Andy Fletcher, Depeche Mode co-founder and keyboardist, dies at 60

Randall Roberts, Los Angeles Times on

Published in Entertainment News

Clarke left the band shortly after the release of its 1981 debut album “Speak & Spell” to form Yazoo with Alison Moyet, and Depeche Mode hired Wilder as a replacement (he departed in 1995). Along with Gahan and Gore, Fletcher remained with Depeche Mode across the decades as the band went platinum with albums including “Music for the Masses,” “Violator” and “Songs of Faith and Devotion,” no small feat considering band members’ very public battles with addiction and depression in the 1990s.

Depeche Mode’s stock soared from the start. Its 1981 video for “Just Can’t Get Enough” was part of a wave of British synthesizer-driven pop acts storming the U.S. charts, many of them earning their first stateside attention from a just-launched cable network called MTV. Alongside the Human League, Eurythmics, Thompson Twins and Duran Duran, Depeche Mode connected classic Brill Building-style melodies and song structures with electronic bleeps, squiggles and rhythms. Early hits including “Master and Servant,” “Blasphemous Rumours” and “Everything Counts” ruled new wave clubs and gay discos with new sonic ideas embedded in 12-inch remix versions.

Los Angeles fell particularly hard for Depeche Mode, and the feeling was mutual. On the June 18, 1988 final show of their Music for the Masses tour, the band sold out the Rose Bowl in Pasadena, a feat documented for the 1989 live album and D.A. Pennebaker-directed documentary “101.”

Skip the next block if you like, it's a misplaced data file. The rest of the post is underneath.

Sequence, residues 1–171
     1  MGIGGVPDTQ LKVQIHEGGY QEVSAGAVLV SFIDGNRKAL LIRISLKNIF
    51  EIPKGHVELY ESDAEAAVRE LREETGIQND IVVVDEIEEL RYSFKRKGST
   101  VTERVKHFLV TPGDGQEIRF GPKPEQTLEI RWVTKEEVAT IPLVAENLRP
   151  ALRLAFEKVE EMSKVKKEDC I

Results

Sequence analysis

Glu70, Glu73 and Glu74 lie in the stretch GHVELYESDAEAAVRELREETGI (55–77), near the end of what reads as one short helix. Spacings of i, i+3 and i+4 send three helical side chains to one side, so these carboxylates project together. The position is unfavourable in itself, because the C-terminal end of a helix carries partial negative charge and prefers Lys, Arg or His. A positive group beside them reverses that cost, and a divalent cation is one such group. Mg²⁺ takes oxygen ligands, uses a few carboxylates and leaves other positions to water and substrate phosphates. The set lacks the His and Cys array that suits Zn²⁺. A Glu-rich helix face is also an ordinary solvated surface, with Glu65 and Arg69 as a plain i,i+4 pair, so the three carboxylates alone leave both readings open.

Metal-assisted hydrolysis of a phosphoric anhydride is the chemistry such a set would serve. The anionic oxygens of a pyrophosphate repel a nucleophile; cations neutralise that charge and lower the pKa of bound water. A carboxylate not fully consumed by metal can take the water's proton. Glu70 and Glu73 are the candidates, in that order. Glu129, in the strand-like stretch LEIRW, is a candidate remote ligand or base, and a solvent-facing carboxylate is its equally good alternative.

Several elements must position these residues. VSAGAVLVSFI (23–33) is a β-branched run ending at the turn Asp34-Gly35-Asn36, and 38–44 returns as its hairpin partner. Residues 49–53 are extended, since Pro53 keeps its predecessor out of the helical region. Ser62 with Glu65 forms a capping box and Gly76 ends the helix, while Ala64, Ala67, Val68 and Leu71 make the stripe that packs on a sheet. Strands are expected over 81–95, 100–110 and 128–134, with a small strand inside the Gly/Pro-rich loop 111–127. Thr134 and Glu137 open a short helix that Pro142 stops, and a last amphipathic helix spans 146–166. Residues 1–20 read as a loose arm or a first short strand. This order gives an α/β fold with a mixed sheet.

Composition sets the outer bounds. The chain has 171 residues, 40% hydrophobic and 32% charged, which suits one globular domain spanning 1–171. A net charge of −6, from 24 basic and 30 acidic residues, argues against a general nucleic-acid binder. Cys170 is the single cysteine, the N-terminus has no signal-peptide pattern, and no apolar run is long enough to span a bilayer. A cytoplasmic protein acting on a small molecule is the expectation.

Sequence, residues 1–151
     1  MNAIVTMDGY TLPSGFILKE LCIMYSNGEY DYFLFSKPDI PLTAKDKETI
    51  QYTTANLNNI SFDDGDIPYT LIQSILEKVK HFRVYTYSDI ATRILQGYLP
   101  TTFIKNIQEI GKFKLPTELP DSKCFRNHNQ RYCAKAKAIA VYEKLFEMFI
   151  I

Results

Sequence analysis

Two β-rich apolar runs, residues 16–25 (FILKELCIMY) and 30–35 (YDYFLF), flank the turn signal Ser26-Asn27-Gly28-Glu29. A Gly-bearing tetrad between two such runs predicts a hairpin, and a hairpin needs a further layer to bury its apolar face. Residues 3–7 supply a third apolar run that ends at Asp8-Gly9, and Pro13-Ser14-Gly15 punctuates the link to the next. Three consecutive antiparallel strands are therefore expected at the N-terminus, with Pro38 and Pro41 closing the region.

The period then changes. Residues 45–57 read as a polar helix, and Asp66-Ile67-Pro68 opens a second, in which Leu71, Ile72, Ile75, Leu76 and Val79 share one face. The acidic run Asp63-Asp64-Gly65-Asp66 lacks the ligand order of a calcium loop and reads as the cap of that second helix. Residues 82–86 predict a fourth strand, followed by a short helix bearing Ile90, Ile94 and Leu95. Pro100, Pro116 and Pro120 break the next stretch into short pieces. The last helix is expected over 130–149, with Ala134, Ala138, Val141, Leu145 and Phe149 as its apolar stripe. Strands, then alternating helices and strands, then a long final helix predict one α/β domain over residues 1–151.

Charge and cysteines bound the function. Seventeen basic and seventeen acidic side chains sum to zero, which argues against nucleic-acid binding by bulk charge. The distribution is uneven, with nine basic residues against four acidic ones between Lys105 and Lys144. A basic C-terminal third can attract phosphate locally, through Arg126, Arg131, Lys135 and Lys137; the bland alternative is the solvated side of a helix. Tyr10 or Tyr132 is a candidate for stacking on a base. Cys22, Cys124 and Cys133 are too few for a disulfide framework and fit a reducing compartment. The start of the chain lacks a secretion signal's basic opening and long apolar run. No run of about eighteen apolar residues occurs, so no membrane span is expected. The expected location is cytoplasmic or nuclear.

The next year the band returned to L.A. to promote their just-released commercial breakthrough, “Violator.” A 1990 meet-and-greet at Wherehouse Entertainment at Third Street and La Cienega Boulevard drew an estimated 5,000 fans — forcing 130 LAPD officers in riot gear to shut it down. A story in the Los Angeles Times described the incident as a “mob scene.”

At their ‘90s peak, only U2 was a bigger band than Depeche Mode among acts to spring out of the U.K. new wave scene. But unlike the seemingly inexhaustible Bono, members of Depeche Mode paced their studio output, releasing studio albums every four years since “Ultra” in 1997.

Depeche Mode’s most recent album, “Spirit,” came out in 2017.


Accepting their induction into the Rock and Roll Hall of Fame, Gahan expressed wonder at what he’d be doing had he not joined Fletcher, Gore and company in Depeche Mode. “You’d still be stealing cars, Dave,” Fletcher quipped, noting that after the livestreamed event he’d be heading to the pub for a pint.

On Twitter, musicians expressed their grief and admiration for Fletcher. “So sad to hear Fletch has passed away. Far too young. RIP," said Throbbing Gristle’s Cosey Fanni Tutti.

Wrote the Pet Shop Boys, “We’re saddened and shocked that Andy Fletcher of Depeche Mode has died. Fletch was a warm, friendly and funny person who loved electronic music and could also give sensible advice about the music business.”

Fletcher is survived by his wife, Gráinne Mullan, and their two children, Megan and Joe.


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